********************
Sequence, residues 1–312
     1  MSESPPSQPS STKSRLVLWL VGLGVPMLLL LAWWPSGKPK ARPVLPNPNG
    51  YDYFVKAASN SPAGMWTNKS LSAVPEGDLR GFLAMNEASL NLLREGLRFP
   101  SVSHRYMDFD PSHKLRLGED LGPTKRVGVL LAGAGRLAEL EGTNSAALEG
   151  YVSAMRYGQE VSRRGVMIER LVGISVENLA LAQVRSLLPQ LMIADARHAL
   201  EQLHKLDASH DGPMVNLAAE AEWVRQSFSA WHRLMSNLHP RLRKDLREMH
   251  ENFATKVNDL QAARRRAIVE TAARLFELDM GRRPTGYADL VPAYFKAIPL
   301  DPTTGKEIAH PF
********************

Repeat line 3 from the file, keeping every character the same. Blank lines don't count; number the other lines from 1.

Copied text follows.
    51  YDYFVKAASN SPAGMWTNKS LSAVPEGDLR GFLAMNEASL NLLREGLRFP